On Monday, ICICI Bank CEO Chanda Kochhar went on leave, pending an investigation into allegations of quid-pro-quo and granting favours in a case involving her husband Deepak Kochhar, his brother and Videocon promoter Venugopal Dhoot.
The controversy surrounding her, and its outcome notwithstanding, how has Kochhar’s tenure at the top really been for India’s second-largest private-sector bank by market value?
Kochhar took over as the CEO at ICICI Bank in May 2009. In a bid to gauge her legacy, VCCircle looked at the bank’s performance since then to get a sense of how it has grown under her.
We looked at eight key metrics to determine the bank's growth, and if there are any red herrings. These metrics are net interest income, profit before tax, deposits, advances, gross non-performing assets (both in absolute terms and as a fraction of assets), number of branches, number of employees and market capitalisation.
Data on NPAs, branches and employees was not readily available for the period before 2010-11, so we have considered it from a year after Kochhar became the CEO.
The data show that during Kochhar’s years as at the top, ICICI Bank’s net interest income has tripled to Rs 27,900 crore. This translates into a compound annual growth rate (CAGR) of 14.5%.
Yet, this growth in net interest income hasn't really translated into a similar growth in profit. In the first five years as CEO, Kochhar saw the bank’s pre-tax profit nearly treble from just over Rs 6,575 crore in 2009-10, when she took over, to a shade under Rs 18,334 crore in 2014-15.
However, in the next three years, the profit declined steeply, first to Rs 14,304 crore in 2015-16 and then to Rs 13,809 crore and Rs 10,978 crore in the following two years.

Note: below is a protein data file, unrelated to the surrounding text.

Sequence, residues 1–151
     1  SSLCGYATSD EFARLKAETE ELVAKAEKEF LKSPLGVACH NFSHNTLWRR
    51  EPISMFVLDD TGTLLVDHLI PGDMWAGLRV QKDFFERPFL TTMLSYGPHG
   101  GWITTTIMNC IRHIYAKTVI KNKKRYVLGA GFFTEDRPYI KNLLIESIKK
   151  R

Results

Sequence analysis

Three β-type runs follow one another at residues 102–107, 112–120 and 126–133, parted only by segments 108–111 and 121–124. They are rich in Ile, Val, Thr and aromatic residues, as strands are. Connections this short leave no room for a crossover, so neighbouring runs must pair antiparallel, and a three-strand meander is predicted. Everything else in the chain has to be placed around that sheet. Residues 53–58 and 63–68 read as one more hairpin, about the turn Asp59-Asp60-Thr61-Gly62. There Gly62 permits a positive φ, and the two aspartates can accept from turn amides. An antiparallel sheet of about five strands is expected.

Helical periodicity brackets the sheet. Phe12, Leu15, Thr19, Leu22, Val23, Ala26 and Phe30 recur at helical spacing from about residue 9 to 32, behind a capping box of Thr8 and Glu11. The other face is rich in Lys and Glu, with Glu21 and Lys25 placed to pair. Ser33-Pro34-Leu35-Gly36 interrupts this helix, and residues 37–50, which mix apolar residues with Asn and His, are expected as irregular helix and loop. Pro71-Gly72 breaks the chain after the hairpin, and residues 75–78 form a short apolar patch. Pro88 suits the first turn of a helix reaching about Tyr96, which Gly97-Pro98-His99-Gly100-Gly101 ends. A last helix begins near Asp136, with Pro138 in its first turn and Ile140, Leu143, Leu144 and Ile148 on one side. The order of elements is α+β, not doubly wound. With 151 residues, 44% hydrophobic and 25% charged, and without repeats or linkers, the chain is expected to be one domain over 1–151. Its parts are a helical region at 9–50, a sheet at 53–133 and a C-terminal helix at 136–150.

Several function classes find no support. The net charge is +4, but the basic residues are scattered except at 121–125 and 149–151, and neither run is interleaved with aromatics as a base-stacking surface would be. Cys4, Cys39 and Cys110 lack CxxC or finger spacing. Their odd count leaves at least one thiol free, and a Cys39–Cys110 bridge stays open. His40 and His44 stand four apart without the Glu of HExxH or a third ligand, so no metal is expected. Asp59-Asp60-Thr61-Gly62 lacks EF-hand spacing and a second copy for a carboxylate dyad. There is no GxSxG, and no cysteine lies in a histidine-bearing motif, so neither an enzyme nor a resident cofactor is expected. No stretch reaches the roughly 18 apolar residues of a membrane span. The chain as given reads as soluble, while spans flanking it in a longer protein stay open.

This decline in profits, coincided with a sharp increase in gross NPAs, both in absolute terms as well as a fraction of the bank’s asset book. While for the first four years as CEO, Kochhar was able to keep a lid on loans turning bad, by 2014-15, things started going out of hand.
Between 2013-14 and 2017-18, ICICI Bank’s gross NPAs went up more than five times, or by a whopping 50.6% on a CAGR basis. While gross NPAs made up just over 3% of the bank’s assets in 2012-13, they now make up nearly 9%.
To be sure, with gross NPAs of Rs 54,000 crore, the bank makes up for a little over 5% of the Rs 10 trillion bad loan pile that the country’s banks are weighed under. Still, it may augur well for the lender to put its house in order quickly, lest the problem get out of hand.
Under Kochhar, the bank did see some significant growth in advances and deposits. Its advances recorded 12.2% CAGR basis from just over Rs 2.25 trillion to a little under Rs 5.67 trillion while deposits posted annualised growth of 11.7% .
Kochhar’s tenure also saw the bank’s employee base swell from just under 57,000 to a little over 81,000, even as it added more than 2,300 branches during the period.
Around the time Kochhar took over the bank, it was valued at just under Rs 59,000 crore. As she goes on leave, the bank has a market capitalisation of around Rs 1.89 trillion. In fact, on at least three occasions--first in December 2014, then in January-February 2015 and then again in November 2017--it saw its market value go past the Rs 2 trillion mark.
The bank's market value may have tripled during Kochhar's tenure, but main rival HDFC Bank is now worth almost three times more at Rs 5.3 trillion. That, however, is a story for another day.